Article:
Airline shares tumble as doubts over summer travel grow

Carriers will need to raise more cash if summer is a write-off, warn analysts

Airline stocks had rallied strongly this year as investors bet the sector would be one of the biggest beneficiaries of the reopening of major economies.

Airline stocks had rallied strongly this year as investors bet the sector would be one of the biggest beneficiaries of the reopening of major economies.

 

Budget carrier Ryanair finished the day down 2.9 per cent on Monday as shares in airlines and other travel companies tumbled due to rising coronavirus cases in Europe and fresh doubts over the summer holiday season.

Holiday airline Jet2 fell 7 per cent and easyJet dropped 5 per cent, while Aer Lingus and British Airways owner IAG slipped 4 per cent by mid-morning in London trade after recovering from steeper losses at the open.

The falls followed warnings from the UK government that a new wave of cases and lockdowns across large parts of continental Europe mean it is too early to book summer holidays, threatening a key source of revenue for the region’s battered carriers.

Social care minister Helen Whately on Monday said she would advise people not to book summer holidays yet, because of the situation in Europe and the risk of new variants of Covid-19.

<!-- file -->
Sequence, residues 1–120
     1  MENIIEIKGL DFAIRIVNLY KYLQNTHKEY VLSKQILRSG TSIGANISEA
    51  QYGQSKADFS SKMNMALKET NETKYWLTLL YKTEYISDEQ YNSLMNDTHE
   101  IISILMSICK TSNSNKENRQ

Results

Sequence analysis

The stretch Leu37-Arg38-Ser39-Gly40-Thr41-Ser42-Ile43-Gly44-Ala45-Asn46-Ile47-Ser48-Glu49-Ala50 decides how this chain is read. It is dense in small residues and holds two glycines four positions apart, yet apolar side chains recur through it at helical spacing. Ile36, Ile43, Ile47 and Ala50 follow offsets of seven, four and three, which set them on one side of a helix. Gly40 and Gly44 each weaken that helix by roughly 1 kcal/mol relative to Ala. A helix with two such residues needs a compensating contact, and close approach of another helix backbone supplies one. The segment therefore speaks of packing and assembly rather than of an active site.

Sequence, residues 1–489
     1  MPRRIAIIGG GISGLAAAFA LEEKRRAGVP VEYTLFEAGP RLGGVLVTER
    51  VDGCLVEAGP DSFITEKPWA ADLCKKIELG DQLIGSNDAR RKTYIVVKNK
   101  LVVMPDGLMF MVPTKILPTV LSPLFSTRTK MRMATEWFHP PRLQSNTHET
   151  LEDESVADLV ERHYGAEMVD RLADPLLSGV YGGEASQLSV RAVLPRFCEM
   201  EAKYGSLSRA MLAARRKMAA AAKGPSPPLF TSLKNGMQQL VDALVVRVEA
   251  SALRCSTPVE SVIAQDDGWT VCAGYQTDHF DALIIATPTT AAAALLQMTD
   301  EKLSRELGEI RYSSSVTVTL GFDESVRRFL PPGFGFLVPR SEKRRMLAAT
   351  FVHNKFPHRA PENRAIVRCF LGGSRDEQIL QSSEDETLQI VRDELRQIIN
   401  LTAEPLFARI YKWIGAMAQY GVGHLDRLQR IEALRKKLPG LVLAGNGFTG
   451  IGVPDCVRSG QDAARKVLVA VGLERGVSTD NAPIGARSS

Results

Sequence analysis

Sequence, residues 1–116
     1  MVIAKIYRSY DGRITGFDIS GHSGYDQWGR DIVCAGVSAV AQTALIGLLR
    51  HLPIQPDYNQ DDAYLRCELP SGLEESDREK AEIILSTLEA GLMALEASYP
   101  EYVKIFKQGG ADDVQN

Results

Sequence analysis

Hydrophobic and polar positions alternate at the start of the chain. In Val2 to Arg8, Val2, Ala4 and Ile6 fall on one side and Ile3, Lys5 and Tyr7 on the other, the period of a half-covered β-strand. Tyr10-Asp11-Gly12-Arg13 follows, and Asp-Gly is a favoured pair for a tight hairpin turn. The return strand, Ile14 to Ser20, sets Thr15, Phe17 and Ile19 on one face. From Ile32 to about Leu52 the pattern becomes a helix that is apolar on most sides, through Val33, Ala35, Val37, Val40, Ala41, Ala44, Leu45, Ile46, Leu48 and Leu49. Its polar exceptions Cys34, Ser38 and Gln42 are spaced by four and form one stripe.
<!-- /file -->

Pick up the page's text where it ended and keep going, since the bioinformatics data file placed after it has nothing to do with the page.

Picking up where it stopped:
“I would say to people, just hold off,” she told the BBC.

Variants

Whateley’s comments came after Mike Tildesley, a member of the government’s Scientific Pandemic Influenza Group on Modelling, told the BBC over the weekend that international travel was unlikely this summer for the “average holiday-maker” because of the risk of introducing new coronavirus variants to the UK.

“Paris lockdown, Italy’s national restrictions and rising concern in Germany over infection rates. . . are being reflected in growing fears that a second summer of travel will be lost,” said Mark Wallace, an airlines analyst at Goodbody.

Carriers have reported surging bookings, albeit off a very low base, since the UK government set out a road map to reopening travel by mid-May at the earliest.

But that timeframe is now in doubt, and while airlines have built up a wall of cash to see them through the crisis, analysts expect more big European carriers will need new cash if this summer is a write-off.

“The next few weeks will determine when travel can hope to resume safely,” said Daniel Roeska, an airlines analyst at Bernstein.

“We would argue that we will see a steady improvement throughout the year. While there can be individual weeks of increased demand, we would caution expectations against being too exuberant for summer,” he said.

Bet

Airline stocks had rallied strongly this year as investors bet the sector would be one of the biggest beneficiaries of the reopening of major economies.

Some companies have taken advantage of the investor enthusiasm to beef up their finances against a delay in borders reopening.

IAG raised €1.2 billion in a bond issue last week, which it said would help it survive a prolonged downturn in travel.

Moves in the bond market were more measured than equities. The yield on IAG’s €500million bond set to mature in 2023 rose from 2.1 to 2.3 per cent on Monday morning. – Copyright The Financial Times Limited 2021